I made undies because undies are easy to make (unless you choose the wrong fabric!) & I needed a breather before I tackled the godforsaken shirt.


This is a woven shirt with set-in long sleeves, a front faux-placket, an embroidered collar, hemmed with a band, & fastened in the back with Velcro. You can see, it’s quite fitted. Most doll shirts out there are a lot more basic than this: basically a pillowcase raglan with an elasticized neck. So this was ambitious. & I fucked up the draft a lot before I got it right. At one point, I completely forgot what a sleeve pattern is supposed to look like & was like, “So it’s just a cylinder? Man, that’s easy.” Thankfully, I returned to my brain before I cut into any fabric.


I am not thrilled with the finishing on this shirt. But…it’s a start, right? The biggest, dumbest mistake I made was sewing the collar with a topstitching needle instead of a microtex needle. UGH! I thought I was using a microtex needle & was like, “Ahhh! Why is the needle chewing up my fabric? Why don’t I have more control on these curves? Why is my thread birdnesting?” Well, because I was basically sewing really fine woven fabric with a club.


I do think the collar looks nice though. It turns under really well.


The hat is made from five slightly curved triangles sewn together to create the crown, & the brim drafted to be taller in the front than in the back. The stripes are some elderly hem tape from my stash. Narrow ribbon would have been better, but I didn’t have any navy or royal blue in my stash & I didn’t want to go out & buy any. The Octonauts logo is again painted by hand.


& then the mask. It’s really well-made, from nice heavy felt interfaced with fusible fleece. It gives the mask a fuzzy texture, kind of like very short fur. All the little details are sewn (not glued!) in place. The eyes are buttons, because dolls don’t really need eyeholes. (I can’t decide if eyeholes would have made this mask more or less terrifying.) I threaded 1/8″ elastic through tiny metal eyelets to hold it to the doll’s head. I was so pleased with my craftsmanship that it took me a while to see how scary it was. I posted it on Facebook so people could ooh & ahh over my work. The likes did not come rolling in, & when I saw the photos decontextualized in my newsfeed, I understood why. It really is a little unsettling.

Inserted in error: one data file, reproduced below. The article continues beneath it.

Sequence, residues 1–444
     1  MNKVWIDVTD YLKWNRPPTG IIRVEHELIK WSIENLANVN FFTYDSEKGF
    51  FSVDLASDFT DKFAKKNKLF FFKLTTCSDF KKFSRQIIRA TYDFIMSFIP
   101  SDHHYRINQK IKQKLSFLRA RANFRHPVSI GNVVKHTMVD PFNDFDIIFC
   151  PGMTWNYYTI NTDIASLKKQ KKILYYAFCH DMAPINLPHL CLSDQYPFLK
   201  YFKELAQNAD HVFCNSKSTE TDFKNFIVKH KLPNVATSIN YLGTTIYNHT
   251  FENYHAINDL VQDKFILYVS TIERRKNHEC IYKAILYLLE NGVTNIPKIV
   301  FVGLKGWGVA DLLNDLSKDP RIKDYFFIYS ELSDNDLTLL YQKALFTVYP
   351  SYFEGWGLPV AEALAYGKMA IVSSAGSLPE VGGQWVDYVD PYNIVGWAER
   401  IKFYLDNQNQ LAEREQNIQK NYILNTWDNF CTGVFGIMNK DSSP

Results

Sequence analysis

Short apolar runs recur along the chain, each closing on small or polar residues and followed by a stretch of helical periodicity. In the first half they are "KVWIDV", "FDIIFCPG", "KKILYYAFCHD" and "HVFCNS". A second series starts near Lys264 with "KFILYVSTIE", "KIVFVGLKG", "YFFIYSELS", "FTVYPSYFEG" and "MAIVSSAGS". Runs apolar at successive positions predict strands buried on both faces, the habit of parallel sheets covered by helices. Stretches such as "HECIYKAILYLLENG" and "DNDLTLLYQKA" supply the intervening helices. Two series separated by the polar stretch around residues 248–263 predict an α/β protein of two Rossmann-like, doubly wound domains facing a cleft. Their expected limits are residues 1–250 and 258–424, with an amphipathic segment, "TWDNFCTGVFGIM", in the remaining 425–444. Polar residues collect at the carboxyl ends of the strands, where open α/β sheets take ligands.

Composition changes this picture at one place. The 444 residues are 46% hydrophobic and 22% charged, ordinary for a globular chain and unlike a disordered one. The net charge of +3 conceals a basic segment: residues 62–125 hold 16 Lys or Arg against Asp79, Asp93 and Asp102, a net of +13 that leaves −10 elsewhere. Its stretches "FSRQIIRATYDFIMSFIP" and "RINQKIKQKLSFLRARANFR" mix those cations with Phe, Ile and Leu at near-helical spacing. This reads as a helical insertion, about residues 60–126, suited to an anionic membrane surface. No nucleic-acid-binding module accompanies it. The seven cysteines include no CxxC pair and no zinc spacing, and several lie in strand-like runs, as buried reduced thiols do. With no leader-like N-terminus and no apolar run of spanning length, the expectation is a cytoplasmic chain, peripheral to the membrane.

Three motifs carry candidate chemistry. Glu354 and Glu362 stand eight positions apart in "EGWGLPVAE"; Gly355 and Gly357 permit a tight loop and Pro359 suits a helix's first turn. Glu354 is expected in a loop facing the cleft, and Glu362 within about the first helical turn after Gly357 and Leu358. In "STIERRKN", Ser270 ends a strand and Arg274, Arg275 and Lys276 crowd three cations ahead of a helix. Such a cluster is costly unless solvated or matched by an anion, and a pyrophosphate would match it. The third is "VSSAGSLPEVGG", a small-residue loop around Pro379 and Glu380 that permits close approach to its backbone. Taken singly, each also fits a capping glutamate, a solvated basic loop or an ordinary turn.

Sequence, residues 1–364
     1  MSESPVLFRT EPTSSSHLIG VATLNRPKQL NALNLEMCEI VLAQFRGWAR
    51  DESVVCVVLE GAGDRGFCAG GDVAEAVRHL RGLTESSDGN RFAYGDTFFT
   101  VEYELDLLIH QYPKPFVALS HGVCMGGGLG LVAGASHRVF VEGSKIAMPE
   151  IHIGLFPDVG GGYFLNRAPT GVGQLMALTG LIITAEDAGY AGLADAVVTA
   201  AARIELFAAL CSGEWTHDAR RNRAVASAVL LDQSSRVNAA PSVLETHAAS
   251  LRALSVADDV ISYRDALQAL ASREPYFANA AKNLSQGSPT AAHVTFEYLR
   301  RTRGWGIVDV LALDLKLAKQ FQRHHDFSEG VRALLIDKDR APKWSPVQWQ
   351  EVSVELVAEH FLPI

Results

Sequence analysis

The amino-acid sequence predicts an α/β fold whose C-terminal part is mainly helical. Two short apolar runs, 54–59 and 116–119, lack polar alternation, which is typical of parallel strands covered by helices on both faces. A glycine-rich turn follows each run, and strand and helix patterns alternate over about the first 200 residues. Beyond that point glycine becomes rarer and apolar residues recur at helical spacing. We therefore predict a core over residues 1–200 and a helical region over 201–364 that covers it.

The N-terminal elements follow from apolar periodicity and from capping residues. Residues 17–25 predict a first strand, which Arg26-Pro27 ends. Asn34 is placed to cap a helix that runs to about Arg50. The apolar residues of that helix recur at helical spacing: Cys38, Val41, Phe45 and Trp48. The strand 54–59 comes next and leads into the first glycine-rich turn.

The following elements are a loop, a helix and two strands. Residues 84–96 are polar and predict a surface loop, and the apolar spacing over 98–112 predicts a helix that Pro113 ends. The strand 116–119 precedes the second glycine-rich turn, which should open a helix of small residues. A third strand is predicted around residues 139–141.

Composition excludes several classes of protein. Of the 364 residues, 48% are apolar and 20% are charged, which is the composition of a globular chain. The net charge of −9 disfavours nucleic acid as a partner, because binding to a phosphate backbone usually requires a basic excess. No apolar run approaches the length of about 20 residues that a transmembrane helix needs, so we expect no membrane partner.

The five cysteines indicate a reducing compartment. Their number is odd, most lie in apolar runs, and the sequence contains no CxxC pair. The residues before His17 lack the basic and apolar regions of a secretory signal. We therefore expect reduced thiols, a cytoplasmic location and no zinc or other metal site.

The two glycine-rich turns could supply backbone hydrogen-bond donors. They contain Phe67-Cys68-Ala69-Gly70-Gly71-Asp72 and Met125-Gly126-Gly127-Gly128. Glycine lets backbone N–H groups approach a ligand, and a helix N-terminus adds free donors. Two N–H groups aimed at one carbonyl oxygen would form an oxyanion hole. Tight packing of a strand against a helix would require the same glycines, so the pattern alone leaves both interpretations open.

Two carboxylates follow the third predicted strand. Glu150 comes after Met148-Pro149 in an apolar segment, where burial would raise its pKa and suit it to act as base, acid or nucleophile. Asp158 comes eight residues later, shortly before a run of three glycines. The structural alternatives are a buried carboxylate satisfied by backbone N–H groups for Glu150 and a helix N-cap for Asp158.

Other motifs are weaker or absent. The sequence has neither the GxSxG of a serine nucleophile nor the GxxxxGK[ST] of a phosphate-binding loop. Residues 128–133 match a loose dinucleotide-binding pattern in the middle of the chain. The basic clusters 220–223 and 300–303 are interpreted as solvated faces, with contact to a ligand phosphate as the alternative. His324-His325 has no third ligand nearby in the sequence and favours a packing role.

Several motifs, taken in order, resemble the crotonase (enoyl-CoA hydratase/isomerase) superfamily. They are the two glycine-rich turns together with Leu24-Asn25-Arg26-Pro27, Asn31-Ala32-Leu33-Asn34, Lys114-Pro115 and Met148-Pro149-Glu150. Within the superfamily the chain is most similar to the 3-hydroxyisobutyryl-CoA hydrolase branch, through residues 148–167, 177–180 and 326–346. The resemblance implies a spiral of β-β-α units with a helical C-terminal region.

You can follow my dollmaking adventures over at Watch this space for upcoming posts on garments, including bras & undies!


Published by Ciara

Ciara Xyerra wrote zines for the better part of two decades. She has a brilliant & adorable preschooler named Ramona & sews as much as she possibly can. She lives in Lawrence, Kansas with her boyfriend. She enjoys catching up on "The New Yorker", meatball subs, keeping it cranky, intersectional post-third wave feminism, dinosaurs, & monsters. If you have nothing nice to say, she recommends that you come sit here by her, so you can say not-nice things together.

2 thoughts on “achievement unlocked: doll-sized Captain Barnacles costume

Leave a Reply

Fill in your details below or click an icon to log in: Logo

You are commenting using your account. Log Out /  Change )

Google photo

You are commenting using your Google account. Log Out /  Change )

Twitter picture

You are commenting using your Twitter account. Log Out /  Change )

Facebook photo

You are commenting using your Facebook account. Log Out /  Change )

Connecting to %s

%d bloggers like this: